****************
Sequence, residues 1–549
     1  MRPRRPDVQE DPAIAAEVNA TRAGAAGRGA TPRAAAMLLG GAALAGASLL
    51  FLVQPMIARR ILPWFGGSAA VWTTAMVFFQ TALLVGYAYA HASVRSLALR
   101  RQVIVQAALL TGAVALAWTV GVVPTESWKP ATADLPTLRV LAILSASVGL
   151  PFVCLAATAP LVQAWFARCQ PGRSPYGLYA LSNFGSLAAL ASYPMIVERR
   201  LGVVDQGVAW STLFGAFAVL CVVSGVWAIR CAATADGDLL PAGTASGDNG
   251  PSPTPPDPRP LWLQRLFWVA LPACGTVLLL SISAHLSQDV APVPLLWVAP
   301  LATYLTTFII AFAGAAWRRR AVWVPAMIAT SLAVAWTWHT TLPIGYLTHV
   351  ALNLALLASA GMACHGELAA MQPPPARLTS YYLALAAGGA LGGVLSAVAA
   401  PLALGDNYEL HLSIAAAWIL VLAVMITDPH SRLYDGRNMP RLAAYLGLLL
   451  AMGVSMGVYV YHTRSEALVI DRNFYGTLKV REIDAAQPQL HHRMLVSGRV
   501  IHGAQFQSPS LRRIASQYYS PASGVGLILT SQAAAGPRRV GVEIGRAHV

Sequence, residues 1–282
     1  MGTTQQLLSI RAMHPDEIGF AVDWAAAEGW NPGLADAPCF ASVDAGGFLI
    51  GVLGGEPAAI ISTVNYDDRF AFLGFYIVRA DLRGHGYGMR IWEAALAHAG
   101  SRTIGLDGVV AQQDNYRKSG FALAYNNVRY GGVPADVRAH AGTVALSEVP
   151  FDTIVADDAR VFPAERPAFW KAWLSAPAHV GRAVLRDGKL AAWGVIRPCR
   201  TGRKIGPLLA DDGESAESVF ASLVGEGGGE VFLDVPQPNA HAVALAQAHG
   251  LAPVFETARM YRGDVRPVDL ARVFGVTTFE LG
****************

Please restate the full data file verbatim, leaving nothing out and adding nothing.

Sequence, residues 1–549
     1  MRPRRPDVQE DPAIAAEVNA TRAGAAGRGA TPRAAAMLLG GAALAGASLL
    51  FLVQPMIARR ILPWFGGSAA VWTTAMVFFQ TALLVGYAYA HASVRSLALR
   101  RQVIVQAALL TGAVALAWTV GVVPTESWKP ATADLPTLRV LAILSASVGL
   151  PFVCLAATAP LVQAWFARCQ PGRSPYGLYA LSNFGSLAAL ASYPMIVERR
   201  LGVVDQGVAW STLFGAFAVL CVVSGVWAIR CAATADGDLL PAGTASGDNG
   251  PSPTPPDPRP LWLQRLFWVA LPACGTVLLL SISAHLSQDV APVPLLWVAP
   301  LATYLTTFII AFAGAAWRRR AVWVPAMIAT SLAVAWTWHT TLPIGYLTHV
   351  ALNLALLASA GMACHGELAA MQPPPARLTS YYLALAAGGA LGGVLSAVAA
   401  PLALGDNYEL HLSIAAAWIL VLAVMITDPH SRLYDGRNMP RLAAYLGLLL
   451  AMGVSMGVYV YHTRSEALVI DRNFYGTLKV REIDAAQPQL HHRMLVSGRV
   501  IHGAQFQSPS LRRIASQYYS PASGVGLILT SQAAAGPRRV GVEIGRAHV

Sequence, residues 1–282
     1  MGTTQQLLSI RAMHPDEIGF AVDWAAAEGW NPGLADAPCF ASVDAGGFLI
    51  GVLGGEPAAI ISTVNYDDRF AFLGFYIVRA DLRGHGYGMR IWEAALAHAG
   101  SRTIGLDGVV AQQDNYRKSG FALAYNNVRY GGVPADVRAH AGTVALSEVP
   151  FDTIVADDAR VFPAERPAFW KAWLSAPAHV GRAVLRDGKL AAWGVIRPCR
   201  TGRKIGPLLA DDGESAESVF ASLVGEGGGE VFLDVPQPNA HAVALAQAHG
   251  LAPVFETARM YRGDVRPVDL ARVFGVTTFE LG